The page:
Thursday, August 20, 2020

swords into ploughshares: espadas en rejas de arado

Having grown up as (and still practicing as) a silent Quaker I don't know much religious terminology in either language. I don't expect that I ever will but there are a few biblical turns of phrase that often come up in social justice work that seem worth knowing. This one comes from:

They shall beat their swords into plowshares, and their spears into pruninghooks: nation shall not lift up sword against nation, neither shall they learn war any more. (Isaiah 2:4).

Forjarán sus espadas en rejas de arado, y sus lanzas en podaderas. No alzará espada nación contra nación, ni se adiestrarán más para la guerra.

Of course there are LOTS of different versions of the bible.  Check out the many versions of just this verse here. Some of those use just espadas en arados - swords into ploughs. I certainly think that is clearer and makes more sense - but I don't think it's what people are used to hearing, in either language. 

But then again, maybe people are getting more used to more updated versions - such as these used by Days of Prayer and Action for Colombia:

Monday, August 10, 2020

more zoom simul tips

In my last post about simultaneous interpreting on zoom I said that it cost $200 a month for the interpreting channel. That was wrong. Many thanks to Ron Garcia-Fogarty and the spectacular tilde language justice cooperative for explaining how it can be done for $55 a month (and less if shared). As he explained it:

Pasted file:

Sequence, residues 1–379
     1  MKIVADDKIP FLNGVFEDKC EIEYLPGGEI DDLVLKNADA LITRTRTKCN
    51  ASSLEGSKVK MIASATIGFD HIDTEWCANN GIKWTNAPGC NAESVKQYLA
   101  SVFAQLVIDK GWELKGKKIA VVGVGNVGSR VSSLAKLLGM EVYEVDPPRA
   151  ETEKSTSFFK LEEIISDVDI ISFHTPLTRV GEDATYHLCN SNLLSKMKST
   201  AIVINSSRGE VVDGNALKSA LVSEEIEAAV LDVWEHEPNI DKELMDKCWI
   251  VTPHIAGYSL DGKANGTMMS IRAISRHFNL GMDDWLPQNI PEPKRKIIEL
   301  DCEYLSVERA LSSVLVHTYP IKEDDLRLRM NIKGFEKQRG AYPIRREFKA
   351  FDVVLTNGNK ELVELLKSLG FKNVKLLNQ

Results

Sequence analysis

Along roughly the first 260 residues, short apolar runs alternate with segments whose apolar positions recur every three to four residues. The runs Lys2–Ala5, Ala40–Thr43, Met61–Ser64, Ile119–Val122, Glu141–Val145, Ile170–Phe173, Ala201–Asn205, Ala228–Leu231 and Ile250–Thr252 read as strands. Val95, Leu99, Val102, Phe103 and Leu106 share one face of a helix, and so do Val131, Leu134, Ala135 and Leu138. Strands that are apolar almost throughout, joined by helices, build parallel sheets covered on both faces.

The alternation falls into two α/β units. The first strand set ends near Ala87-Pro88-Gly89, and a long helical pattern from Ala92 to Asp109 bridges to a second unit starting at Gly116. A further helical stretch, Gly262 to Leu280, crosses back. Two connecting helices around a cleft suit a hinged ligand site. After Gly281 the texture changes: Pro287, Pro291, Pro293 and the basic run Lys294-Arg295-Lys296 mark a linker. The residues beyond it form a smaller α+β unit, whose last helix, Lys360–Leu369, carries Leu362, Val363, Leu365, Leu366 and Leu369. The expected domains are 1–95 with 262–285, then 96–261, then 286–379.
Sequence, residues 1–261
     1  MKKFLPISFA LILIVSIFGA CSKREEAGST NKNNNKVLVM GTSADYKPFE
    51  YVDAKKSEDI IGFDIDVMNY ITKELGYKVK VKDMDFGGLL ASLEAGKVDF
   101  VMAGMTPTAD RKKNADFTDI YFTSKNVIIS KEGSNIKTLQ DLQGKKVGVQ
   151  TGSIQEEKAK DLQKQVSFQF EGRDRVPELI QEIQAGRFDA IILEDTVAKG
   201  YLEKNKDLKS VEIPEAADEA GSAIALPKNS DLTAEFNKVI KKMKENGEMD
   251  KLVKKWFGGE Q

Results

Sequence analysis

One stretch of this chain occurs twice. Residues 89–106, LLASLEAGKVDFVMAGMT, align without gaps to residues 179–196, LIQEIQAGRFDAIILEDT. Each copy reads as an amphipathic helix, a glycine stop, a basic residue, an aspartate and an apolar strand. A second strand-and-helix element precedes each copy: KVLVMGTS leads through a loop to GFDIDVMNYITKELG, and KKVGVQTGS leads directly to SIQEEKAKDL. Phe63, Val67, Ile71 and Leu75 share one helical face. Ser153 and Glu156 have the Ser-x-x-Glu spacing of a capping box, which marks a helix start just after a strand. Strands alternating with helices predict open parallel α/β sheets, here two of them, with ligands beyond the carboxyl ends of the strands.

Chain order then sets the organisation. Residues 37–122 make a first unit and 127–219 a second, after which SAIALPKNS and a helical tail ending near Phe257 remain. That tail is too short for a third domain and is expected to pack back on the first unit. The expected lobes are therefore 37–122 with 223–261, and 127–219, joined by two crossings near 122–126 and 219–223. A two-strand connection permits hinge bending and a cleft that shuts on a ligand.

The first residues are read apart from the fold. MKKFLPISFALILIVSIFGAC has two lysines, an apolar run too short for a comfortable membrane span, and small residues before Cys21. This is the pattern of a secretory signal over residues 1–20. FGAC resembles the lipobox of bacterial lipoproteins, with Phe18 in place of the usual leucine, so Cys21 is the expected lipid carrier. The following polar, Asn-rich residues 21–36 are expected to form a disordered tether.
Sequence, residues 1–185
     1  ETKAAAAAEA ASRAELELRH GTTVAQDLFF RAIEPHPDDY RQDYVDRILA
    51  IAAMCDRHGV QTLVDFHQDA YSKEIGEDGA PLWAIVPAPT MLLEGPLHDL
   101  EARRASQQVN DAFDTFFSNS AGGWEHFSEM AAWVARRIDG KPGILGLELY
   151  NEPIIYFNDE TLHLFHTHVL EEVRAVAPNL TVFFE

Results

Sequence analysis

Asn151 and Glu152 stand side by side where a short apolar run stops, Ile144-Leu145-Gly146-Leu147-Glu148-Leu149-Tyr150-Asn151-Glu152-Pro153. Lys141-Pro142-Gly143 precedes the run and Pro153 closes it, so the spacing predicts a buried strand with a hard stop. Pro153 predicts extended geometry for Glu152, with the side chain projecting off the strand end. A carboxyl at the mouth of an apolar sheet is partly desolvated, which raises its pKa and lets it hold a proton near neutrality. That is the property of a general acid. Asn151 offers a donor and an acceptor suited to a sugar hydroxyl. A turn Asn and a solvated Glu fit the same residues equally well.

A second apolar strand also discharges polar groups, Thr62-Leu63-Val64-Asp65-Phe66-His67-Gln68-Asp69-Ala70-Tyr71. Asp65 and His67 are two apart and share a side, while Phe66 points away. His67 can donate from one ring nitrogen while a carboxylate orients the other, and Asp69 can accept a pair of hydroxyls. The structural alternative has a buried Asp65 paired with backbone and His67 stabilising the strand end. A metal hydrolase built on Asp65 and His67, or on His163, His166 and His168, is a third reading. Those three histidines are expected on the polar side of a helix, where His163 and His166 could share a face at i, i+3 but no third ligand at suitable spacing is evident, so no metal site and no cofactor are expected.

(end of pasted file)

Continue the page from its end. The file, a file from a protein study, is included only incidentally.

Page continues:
"It works like this: Zoom Pro is $15/month or $150/year, and the webinar add-on is an additional $40/month or $400/year. It's listed (not very clearly) as the first bullet point in pre-requisites on their website. So anyone who already has Pro, just needs to purchase the webinar add-on to have access to zoom with interpretation. And what we do is we pass along that cost to clients who want to be able to use it, by charging $25 per use for short meetings or $50 per day for longer events."

Ron also very generously shared handouts that tilde uses to make video simul work better, which I have taken way too long to post. These include visual, verbal, and chatbox text instructions for participants, checklists for interps and for tech support, and more. You can find them here.

If anyone has any other suggestions or or resources I would love to share them here.